Even trekking through the exquisite art-laden spaces of New York’s Metropolitan Museum of Art will not prepare one for the experience of coming face to face with the grand tapestries designed by Pieter Coecke van Aelst (1502–1550).
If his name doesn’t come to mind as easily as Raphael or da Vinci, it should. By the time Coecke was in his late 20s, he’d already mastered drawing and painting and had designed the tapestry series on the life of Saint Paul.
Throughout his working life, cut short at the age of only 48, Coecke moved with ease through many media: painting panels, drawing designs for stained glass, goldsmith’s work, prints, and publishing architectural handbooks. But his tapestry designs remain his most admired and coveted works.
The first major monographic exhibition devoted to this 16th-century Netherland artist, “Grand Design: Pieter Coecke van Aelst and Renaissance Tapestry,” explores his multifaceted career and great drive as an entrepreneur and visionary.
“He could have made a respectable living as a panel painter, but looking at his drawing we see that above all he is a designer,” said organizing curator for the exhibition, Elizabeth Cleland.
She explains that for designers the progression from painting to tapestry would be that the artist would create the petit patron, the small-scale work. This would then be handed to the cartoon painter to produce the full-scale paper model-cartoon, which would then be used by the weavers to create the final product.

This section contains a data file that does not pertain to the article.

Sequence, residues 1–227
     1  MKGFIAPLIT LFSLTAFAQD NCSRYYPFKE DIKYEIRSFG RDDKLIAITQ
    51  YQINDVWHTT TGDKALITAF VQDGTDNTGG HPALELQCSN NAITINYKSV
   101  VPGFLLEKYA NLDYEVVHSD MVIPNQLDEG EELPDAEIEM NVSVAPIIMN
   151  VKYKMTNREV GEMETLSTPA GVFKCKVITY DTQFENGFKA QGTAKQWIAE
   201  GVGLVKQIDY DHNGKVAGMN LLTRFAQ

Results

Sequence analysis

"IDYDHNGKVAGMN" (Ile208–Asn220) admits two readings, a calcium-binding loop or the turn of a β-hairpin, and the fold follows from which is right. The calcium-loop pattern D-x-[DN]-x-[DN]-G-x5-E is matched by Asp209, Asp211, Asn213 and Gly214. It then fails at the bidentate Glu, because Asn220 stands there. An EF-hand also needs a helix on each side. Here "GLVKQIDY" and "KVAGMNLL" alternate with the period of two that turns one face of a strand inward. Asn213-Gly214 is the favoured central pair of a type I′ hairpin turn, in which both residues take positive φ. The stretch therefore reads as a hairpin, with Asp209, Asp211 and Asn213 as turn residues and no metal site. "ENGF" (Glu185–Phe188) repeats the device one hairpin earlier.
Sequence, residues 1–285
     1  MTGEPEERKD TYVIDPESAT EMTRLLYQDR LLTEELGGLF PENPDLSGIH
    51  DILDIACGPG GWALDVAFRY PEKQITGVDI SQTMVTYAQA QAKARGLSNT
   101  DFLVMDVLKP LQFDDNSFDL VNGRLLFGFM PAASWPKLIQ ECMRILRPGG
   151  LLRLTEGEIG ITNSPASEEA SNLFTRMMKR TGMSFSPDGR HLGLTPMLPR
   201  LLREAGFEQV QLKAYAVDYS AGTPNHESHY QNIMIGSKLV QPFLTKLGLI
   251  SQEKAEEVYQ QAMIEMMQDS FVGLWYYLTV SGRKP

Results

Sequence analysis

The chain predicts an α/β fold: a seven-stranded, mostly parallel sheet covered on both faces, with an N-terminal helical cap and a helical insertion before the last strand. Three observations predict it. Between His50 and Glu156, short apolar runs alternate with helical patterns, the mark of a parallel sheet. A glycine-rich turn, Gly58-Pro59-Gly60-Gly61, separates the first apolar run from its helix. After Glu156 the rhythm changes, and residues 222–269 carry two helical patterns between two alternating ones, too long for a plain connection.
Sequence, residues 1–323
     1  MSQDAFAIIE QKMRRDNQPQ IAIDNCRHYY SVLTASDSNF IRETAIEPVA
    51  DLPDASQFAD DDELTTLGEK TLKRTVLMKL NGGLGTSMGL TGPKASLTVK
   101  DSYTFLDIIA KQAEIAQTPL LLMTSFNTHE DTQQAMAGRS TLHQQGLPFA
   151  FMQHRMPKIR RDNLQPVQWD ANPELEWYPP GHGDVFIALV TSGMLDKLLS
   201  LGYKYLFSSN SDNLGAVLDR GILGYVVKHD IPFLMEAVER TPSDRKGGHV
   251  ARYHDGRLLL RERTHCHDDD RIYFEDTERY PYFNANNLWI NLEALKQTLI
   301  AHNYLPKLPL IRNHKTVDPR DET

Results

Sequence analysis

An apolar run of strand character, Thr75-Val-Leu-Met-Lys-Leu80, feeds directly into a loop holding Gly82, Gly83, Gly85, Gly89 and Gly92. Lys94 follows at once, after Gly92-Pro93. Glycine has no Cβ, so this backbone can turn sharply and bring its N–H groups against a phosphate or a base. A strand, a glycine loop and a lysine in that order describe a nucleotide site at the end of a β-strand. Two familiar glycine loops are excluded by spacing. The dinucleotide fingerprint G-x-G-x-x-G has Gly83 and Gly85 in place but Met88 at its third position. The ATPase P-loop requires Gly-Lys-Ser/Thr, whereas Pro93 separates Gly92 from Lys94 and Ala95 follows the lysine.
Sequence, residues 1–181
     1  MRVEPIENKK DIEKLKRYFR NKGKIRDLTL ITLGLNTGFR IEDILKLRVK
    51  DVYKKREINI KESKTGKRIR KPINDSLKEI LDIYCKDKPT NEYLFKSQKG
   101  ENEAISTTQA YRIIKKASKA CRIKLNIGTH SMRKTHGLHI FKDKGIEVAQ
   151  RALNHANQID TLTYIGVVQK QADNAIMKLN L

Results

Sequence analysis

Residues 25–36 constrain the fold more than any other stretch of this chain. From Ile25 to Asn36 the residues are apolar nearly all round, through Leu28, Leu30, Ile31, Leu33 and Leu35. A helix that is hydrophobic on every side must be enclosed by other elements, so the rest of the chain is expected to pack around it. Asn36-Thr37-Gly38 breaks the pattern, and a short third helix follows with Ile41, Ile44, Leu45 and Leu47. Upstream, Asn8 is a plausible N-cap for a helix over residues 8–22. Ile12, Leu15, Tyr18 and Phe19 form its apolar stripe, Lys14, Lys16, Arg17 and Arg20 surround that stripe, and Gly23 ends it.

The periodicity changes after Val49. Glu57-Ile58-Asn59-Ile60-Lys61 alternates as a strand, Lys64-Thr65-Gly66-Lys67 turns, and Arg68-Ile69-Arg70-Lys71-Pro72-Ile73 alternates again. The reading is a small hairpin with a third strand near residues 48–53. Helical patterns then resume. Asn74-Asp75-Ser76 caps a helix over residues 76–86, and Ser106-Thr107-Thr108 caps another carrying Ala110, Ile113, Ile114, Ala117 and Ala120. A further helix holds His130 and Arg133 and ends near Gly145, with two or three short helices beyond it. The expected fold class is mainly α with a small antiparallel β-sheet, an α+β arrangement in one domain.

Fragments Complete the Picture
As working tools, cartoons were used until they fell to pieces. For this reason there are very few surviving pieces. The fragments of Coecke’s original cartoons that are on display as part of the exhibition demonstrate the meticulous detail and lengths to which he went so that the finished work would be as close to a rendition of his concept as possible.
And according to Cleland, there is circumstantial evidence that Coecke was working very tightly with the weavers.
These few cartoon fragments, such as the man’s head from the “Story of Caesar: Reunion of Pompey and Cordelia,” the horse head from the “The Life of St. Paul,” reveal such dynamism and beauty that they were likely kept for that reason.
“When we look at his cartoons, they’re so good that we can see his hand in them,” explains Cleland.
It is then more than likely that the minuscule detail and refinement displayed in the tapestries designed by Coecke is owing to the artist’s close involvement in the process of production.
There are 19 epic tapestries on view in the exhibition, and each one is larger than life, bustling with historical as well as mythological characters set amidst ebullient vegetation and architectural elements.